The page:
New York suffers from an incompetent and corrupt state government, along withÂ dysfunctional agencies. That’s a problem to begin with, and exacerbated by our weak economy. While the problems trickle down, everywhere, I’ve been intrigued by high-profile, ongoing threats to eliminate public-transportation subsidies for New York City students. Steven Cohen, Executive Director, The Earth Institute, Columbia University, recently explained the dynamics in the Huffington Post:
During the 1980’s and 1990’s, the city’s subway system came back from the brink of ruin due to the effective leadership of people like former head of the MTA and current Lt. Governor Richard Ravitch, former governors Hugh Carey and Mario Cuomo, and Mayors Koch, Dinkins and Giuliani. These leaders instituted the range of tolls and taxes now used to subsidize mass transit. Unfortunately, under Governor Pataki, the mass transit capital subsidy was sharply reduced, forcing the MTA to use more and more of their budget to pay debt service on transit bonds. Even worse, during the current $6.8 billion state budget crisis, Governor Patterson has further reduced the state’s subsidy for the MTA, contributing to the transit agency’s $400 million budget gap.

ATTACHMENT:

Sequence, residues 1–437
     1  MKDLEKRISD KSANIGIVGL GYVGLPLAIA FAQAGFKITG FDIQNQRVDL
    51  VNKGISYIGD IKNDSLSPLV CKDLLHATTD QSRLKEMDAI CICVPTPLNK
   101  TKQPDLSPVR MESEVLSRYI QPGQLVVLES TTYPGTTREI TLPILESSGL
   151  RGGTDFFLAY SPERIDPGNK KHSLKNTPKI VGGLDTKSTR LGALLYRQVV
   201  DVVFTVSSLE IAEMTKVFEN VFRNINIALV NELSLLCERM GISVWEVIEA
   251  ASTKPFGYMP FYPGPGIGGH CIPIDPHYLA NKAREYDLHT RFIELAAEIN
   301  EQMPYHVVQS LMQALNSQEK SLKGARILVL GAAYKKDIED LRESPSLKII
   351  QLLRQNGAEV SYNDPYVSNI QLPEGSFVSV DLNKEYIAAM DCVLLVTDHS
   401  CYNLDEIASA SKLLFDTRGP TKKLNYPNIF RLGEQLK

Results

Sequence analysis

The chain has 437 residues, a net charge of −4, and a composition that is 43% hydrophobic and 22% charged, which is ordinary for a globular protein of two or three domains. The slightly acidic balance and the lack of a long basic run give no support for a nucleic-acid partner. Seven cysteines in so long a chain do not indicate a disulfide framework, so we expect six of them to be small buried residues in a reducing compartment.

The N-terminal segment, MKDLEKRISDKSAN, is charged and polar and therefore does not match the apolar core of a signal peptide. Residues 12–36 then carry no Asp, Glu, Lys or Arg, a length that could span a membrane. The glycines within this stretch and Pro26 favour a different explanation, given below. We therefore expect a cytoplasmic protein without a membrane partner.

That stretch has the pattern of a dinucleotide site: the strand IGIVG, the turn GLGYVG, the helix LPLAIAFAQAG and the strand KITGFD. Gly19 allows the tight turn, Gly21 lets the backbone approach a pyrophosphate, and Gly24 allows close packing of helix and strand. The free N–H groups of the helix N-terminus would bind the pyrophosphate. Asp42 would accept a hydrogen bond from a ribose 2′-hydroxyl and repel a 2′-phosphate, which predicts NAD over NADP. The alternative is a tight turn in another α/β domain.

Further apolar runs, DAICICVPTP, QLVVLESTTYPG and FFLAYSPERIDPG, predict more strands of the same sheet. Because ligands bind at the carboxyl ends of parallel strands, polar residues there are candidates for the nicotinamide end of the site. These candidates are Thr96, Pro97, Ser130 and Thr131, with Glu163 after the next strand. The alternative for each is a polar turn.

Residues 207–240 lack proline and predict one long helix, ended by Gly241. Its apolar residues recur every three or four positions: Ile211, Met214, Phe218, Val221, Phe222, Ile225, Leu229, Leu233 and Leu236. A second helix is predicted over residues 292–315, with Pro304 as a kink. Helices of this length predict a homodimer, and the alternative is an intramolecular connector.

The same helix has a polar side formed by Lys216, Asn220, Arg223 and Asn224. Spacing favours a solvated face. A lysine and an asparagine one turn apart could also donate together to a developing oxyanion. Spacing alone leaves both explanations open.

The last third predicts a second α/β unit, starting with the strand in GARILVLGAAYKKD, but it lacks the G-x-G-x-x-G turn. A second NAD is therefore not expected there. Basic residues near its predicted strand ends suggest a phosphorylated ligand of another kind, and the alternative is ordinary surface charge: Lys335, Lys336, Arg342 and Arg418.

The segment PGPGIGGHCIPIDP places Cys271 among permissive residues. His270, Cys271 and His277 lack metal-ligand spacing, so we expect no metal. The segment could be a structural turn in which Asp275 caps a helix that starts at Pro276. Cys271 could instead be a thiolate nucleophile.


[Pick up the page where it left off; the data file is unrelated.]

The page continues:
The MTA’s response to Patterson’s proposed funding reduction was the same one we often see when school board budgets are voted down by local communities. It’s what I call the football team gambit: Cut the most visible and popular expenditures and hope to stimulate a public outcry that results in budget restoration. In this case, the MTA started by announcing that they would cut free metro cards for schoolchildren.
While the politicking and gamesmanship, particularly by the New York state legislature, is nauseating, there’s some good to come out of this debacle. Mainly, this is a broad-sweeping threat which directly impacts students. It inherently becomes a tangible, life lesson in how their elected leaders operate. It touches upon: spending wisely in good times, preparing for rainy days, prioritizing and allocating limited resources, and leading in times of crisis. No teacher or curriculum can have the same impact. I hope the incompetence prompts greater interest in how our state and national governments are run, and encourages greater involvement, scrutiny and expectations among our young citizenry.
Is your state government providing such immersive education?
(Photo credit: shelle belle)